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Student Support
Coaching Methodology

Turning transactional encounters into transformational experiences

As a student support professional, you know the most-asked information learners need backwards and forwards — things like registration deadlines, graduation requirements and the contact information for the financial aid office. And yet you also know that if these were the only reasons learners came to talk with you, the experience would be strictly transactional. When you add the personal, human connection, you’re going beyond a course recommendation or deadline reminder. When your conversations include curiosity, building rapport, digging deeper and discussing options, you’re showing that you have strong empathy skills. And that’s what makes the connections work.

Rodney Williams | InsideTrack

Providing information is part of the job, but as Success Coach Rodney Williams can attest, what coaches do when they interact with learners goes well beyond that. “If a coach can’t establish a genuine connection,” he says, “they won’t be able to offer genuine support.”

As professionals with more than 100 hours of training and development their first year alone, InsideTrack coaches couple our research-proven methodology with the noncognitive skills they develop during their training — meeting learners where they are, with the tools to help them advance.  To teach us more about the role empathy plays in coaching, we worked with Rodney to talk us through the process.

Understanding what empathy is — and what it’s not

As Rodney explains, people often confuse sympathy and empathy. Sympathy is the observation and acceptance of what someone else is going through and often includes an internal feeling of pity for the other person. Empathy, on the other hand, is shown by providing compassion to one another, understanding how the other person feels even if those feelings are not explicitly communicated. “Empathy,” Rodney says, “is sharing in the emotional experience of other people, rather than seeing the feelings as an outsider and just labeling it.”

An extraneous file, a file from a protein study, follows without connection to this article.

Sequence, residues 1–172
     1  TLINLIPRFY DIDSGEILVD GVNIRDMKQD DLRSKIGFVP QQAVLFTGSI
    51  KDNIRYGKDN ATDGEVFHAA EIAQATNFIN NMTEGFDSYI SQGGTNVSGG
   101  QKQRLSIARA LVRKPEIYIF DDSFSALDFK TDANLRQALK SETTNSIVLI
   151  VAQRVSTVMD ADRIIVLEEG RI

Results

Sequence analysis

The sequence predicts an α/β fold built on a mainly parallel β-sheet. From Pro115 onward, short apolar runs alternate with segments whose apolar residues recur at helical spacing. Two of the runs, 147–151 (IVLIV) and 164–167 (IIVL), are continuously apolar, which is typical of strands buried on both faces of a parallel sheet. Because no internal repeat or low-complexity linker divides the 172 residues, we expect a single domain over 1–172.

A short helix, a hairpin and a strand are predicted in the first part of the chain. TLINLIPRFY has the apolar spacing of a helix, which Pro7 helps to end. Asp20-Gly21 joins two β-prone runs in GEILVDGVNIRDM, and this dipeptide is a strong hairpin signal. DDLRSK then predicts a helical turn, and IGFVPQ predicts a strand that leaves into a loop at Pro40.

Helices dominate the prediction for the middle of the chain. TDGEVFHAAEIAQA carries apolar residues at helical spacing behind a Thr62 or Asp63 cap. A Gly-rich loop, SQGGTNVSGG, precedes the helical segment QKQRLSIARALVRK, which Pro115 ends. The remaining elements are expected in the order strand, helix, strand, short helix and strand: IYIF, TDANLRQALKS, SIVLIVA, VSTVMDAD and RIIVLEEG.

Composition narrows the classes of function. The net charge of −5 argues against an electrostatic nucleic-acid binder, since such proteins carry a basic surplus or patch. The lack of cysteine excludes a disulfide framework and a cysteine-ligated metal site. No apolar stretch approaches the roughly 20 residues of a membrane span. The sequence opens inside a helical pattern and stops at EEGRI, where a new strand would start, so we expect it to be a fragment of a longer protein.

So how does a coach tap into empathy to make those important connections with a learner? According to Rodney, “You have to allow yourself to be available first, to be present. You have to do a great deal of active listening and allow yourself to be vulnerable too. That’s when you build authentic connections. And when you do, it impacts coaching in a really great way.”

Connecting through empathy to learn more about your learner

Using empathy to build relationships can be the gateway to finding out more about your learner. When connections are built, it’s possible to go deeper in the assessment and get to the heart of why they’re in school and what’s holding them back. When the coach leads with empathy, learners will be more open to sharing:

  • What they are most excited about
  • What motivates them
  • What challenges them
  • How they deal with anticipated challenges
  • What unexpected challenges are possible, and how would they deal with each of those scenarios
  • What they’re giving up by committing to complete their program
  • What support they have — both in and outside of school
  • What their Plan B is, if support doesn’t come through
  • What’s at risk if they don’t finish school and earn their degree or credential

Rodney explains that coaching supports each individual to come up with a path forward for themselves by giving them the space and time to talk through their options and their potential roadblocks. “When you can let them know ‘Hey, I’ve been there and you are not alone,’ and really mean it, it enhances the connection — and strengthens the progress they can make.”

Each day, Rodney reflects on his work with learners. “In InsideTrack’s coaching practice, we provide a place for helping individuals envision their ideal future. It’s not about me telling them what to do. It’s not about me agreeing with every decision they make. It’s about asking questions and listening, like ‘have you considered’...? Our research-proven methodology is further enhanced when coaches use an empathetic approach to fully connect with their learners.